Pegasus is a white, winged horse in Greek mythology who remains famous today for his strength and power. He helped Bellerophon defeat the Chimaera, carried thunderbolts in a chariot for Zeus, and later became a constellation. His name comes from the Greek word for springs, which makes sense since his father was Poseidon, the God of the sea, storms, horses, and earthquakes.
Horses were status symbols in ancient Greece. They represented wealth and power. Horses were revered and often depicted in art. The Greeks believe that Poseidon, the God of horses, among other things, created the animals and shared them with the people.
Pegasus, a son of Poseidon, is one of the most famous horses in Greek mythology. He is also universally known beyond the realms of Greek mythology. It’s a household name today, with non-equestrians and historians knowing his name and story. Greek mythology dates back at least 2,700 years, with the earliest versions recorded by Homer and Hesiod.
Pegasus and his brother Chrysaor are the children of Poseidon and Medusa. Poseidon, one of Zeus’s brothers was the God of the sea, storms, horses, and earthquakes. Medusa was a beautiful Gorgon or monster. But she was also a mortal. Athena, Zeus’s daughter and the goddess of war, turned her hair to serpents and made her face so ugly that anyone who looked at it turned to stone.
Poseidon defiled Medusa in Athena’s temple. This caused Athena’s reaction of creating serpent hair and an ugly face. Perseus beheaded the pregnant Medusa on instruction from Athena, and her two sons sprang from her neck.
Pegasus was a white stallion with wings. Although there are some versions where he is a darker color, almost black. However, most histories agree that the horse was white. He was wild, free-roaming, and also immortal since he was the child of Poseidon. Pegasus means winged horse and is also associated with water springs. Pegasus is known for his strength, ability to fly, beauty, and for creating water.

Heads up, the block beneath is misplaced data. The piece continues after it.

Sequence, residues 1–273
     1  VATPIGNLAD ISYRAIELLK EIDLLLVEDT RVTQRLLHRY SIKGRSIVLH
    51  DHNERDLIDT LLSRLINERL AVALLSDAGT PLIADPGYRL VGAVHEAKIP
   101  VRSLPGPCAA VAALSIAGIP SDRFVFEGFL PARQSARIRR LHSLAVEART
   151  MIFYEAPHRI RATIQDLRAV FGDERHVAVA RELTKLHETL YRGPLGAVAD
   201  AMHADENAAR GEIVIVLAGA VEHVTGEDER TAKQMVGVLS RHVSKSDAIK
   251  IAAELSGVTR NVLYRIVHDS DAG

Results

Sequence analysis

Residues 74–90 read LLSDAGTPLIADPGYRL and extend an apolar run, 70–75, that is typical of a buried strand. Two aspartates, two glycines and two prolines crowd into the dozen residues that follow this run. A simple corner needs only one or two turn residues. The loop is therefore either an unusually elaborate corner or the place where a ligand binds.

Poseidon was able to create water, and Pegasus had this same characteristic. A water spring appeared when he stamped his hoof. There are two springs in Greece called Hippocrene. Both are said to be created when his hoof struck the stone.
Hippocrene means horse spring in Greek. The more famous of these springs is located on Mount Helicon, the home of the muses. Poets gained inspiration and creativity by drinking water from this spring.
Pegasus was not destined to roam free forever though, and it was actually a spring that led to his capture. He was drinking at the Pierian spring when Bellerophon, a mortal and monster slayer, captured him.
Athena had given Bellerophon a golden bridle, and that’s what he used to catch the famous winged horse and then tame him. Together, they became a formidable pair. Perhaps their most famous conquest was defeating the Chimaera.
This was a fire-breathing creature with the head and body of a lion, the tail of a snake, and a goat head in the middle. This female monster was causing untold devastation to Caria and Lycia. Bellerophon was sent to kill her. Many thought this task was impossible. However, thanks to Pegasus and his flying abilities, they were able to defeat Chimaera.
Pegasus and Life in Olympus
Other conquests that Bellerophon and Pegasus made include defeating the Amazons and exacting revenge on Stheneboea. However, Bellerophon got a little over-confident. He believed he was better than the mortals he lived with and decided to fly Pegasus to Olympus. This angered Zeus, who sent a gadfly to sting Pegasus. The horse’s reaction unseated Bellerophon and he fell to his death.
Pegasus continued flying and eventually arrived in Olympus. Zeus stabled him with his other horses and often relied on Pegasus to pull the chariot with his thunderbolts. Pegasus faithfully served his uncle Zeus for many years. He was rewarded by having a constellation named after him.
The Pegasus Constellation is in the northern hemisphere and the seventh-largest in the sky. A square shape is the most famous feature. The constellation also has 15 named stars. Ptolemy, was a Greek astronomer, in the second century who documented and named it. The Pegasus Constellation rises in spring and brings on thunderstorm season in Greece.
The name Pegasus remains synonymous with strength and power. There is a Pegasus World Cup horse race in South Florida, an airline, and a hotel line, among other companies. The famous winged horse continues to embody the strength, beauty, and power that so many associates with horses, magical horses in particular.
Sources: Britannica, Constellation Guide, Greek Mythology, and World History.